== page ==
Day of the African Child: Improving Education with Data
This post originally appeared on the UNICEF blog site on 16 June 2014.
Numbers, facts and figures can be daunting. Discuss too much data and people’s eyes are sure to glaze over. But let me assure you, data can make all the difference.
The Out-of-School Children Initiative is an example of how UNICEF and its partners use numbers, facts and figures to change children’s lives. On the Day of the African Child – celebrated today and dedicated this year to “a child-friendly, quality, free and compulsory education for all children in Africa” – let me throw out some data on children and education in Africa:
- About 60 per cent of illiterate youths in sub-Saharan Africa are girls.
- 18 per cent of children in sub-Saharan Africa have access to pre-primary education compared to 50 per cent worldwide;
- Nearly 8 million lower secondary school-aged children are not enrolled in school in eastern and southern Africa;
- Nearly 37 per cent of children in primary school in West and Central Africa are at risk of dropping out;
- 34 per cent of lower secondary school-aged children in West and Central Africa do not attend school; and
- Less than two thirds of primary school teachers in West and Central Africa are trained in the profession.
This is the kind of data that the Out-of-School Children Initiative works with every day.
The initiative is a partnership between UNICEF and the UNESCO Institute for Statistics with support from the Global Partnership for Education. It uses diverse data sets including education data, health data, regional surveys and population surveys to identify and count the ‘invisible’ children who are not in school. It has collected and analysed data in over 30 countries to determine also where children are not in school and why. With this information in hand, local and national authorities and other partners can initiate targeted strategies for change.
Today, the Day of the African Child, the initiative is releasing reports on its work in Africa. Good data, of course. The collection of all this information is critical because one size does not fit all when it comes to children and education.
Certainly, global trends indicate which children are likely to be out of school. From Bolivia to Cambodia, poor girls from rural areas with uneducated mothers are likely to be excluded. War, conflict and natural disaster are also likely to reduce a child’s chance of getting an education. So is disability or being from an ethnic minority. But the gritty details of why children miss out on school vary greatly between countries, regions and localities.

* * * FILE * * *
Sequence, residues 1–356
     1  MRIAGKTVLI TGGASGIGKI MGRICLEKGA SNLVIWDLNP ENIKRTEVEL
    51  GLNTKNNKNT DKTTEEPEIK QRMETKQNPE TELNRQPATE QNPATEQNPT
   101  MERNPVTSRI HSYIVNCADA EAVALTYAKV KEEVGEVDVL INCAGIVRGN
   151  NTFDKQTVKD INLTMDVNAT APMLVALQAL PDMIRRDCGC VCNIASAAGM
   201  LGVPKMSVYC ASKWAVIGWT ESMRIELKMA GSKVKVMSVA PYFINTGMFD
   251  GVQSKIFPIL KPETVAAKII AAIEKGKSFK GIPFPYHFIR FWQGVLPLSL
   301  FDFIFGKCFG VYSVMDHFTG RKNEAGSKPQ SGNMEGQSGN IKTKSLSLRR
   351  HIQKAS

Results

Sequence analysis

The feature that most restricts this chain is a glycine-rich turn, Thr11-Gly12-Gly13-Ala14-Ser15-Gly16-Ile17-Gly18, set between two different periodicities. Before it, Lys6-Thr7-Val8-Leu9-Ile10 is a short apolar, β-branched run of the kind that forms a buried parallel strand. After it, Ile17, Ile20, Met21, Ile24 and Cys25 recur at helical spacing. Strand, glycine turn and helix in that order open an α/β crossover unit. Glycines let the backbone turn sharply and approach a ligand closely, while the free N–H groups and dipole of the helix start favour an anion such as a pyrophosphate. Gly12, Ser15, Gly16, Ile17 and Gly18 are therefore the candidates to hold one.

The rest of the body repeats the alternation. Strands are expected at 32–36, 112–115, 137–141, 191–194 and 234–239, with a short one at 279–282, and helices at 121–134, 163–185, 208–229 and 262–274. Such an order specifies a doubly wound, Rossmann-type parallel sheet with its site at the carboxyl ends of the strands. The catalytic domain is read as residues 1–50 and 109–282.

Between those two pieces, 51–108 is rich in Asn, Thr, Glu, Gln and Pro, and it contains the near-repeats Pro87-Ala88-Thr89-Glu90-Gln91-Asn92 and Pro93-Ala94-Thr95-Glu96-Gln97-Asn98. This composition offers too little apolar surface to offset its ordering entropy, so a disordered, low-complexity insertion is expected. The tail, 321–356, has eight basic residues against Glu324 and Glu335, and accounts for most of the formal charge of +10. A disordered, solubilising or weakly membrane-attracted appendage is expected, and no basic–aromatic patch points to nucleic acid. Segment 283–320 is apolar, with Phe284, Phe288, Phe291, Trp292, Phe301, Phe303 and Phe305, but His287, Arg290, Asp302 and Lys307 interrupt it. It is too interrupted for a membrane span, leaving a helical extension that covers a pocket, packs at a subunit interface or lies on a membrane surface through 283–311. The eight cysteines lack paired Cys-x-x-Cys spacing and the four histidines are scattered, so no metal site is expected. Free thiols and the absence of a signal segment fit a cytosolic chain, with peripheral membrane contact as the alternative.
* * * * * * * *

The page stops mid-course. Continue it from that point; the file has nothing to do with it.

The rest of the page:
These are the details in the data that the Out-of-School Children Initiative uncovers and uses to help local and national educational leaders make policy decisions.
Data at work
Site specific data have been able to influence policy directly , making a difference in children’s lives. In countries in Latin America and the Caribbean, for example, data and analysis revealed that children forced to repeat grades were likely to drop out of school. In Brazil, an advocacy campaign focused on teaching literacy at the right age led to a 56 per cent drop in illiteracy rates for 8-year-olds.
Data has also been used to influence policy in Africa. In Ghana, data show that children in remote northern regions of the country are less likely to get an education than children in the south. As a result of the information, the Out-of-School Children Initiative is working with educational leaders to increase resources to the more disadvantaged regions.
In Mozambique, where making the transition to secondary education is difficult for girls, programmes have been introduced to encourage girls to continue their schooling. Scholarships have been provided and local schools upgraded to include upper secondary grades so girls can attend school in their villages.
Not just a number
Data collection and analysis is central to UNICEF’s work in every area. In education, UNICEF is working with cutting edge metrics, increasingly nuanced data, and technology that allows fast access to information that can inform policy decisions.
Of course, the point is not the data. It is knowing which children are falling behind, placing them at the front of the line, and providing assistance tailored to their needs. The point is providing children with the skills they need to lead decent lives. After all, they are children, not data.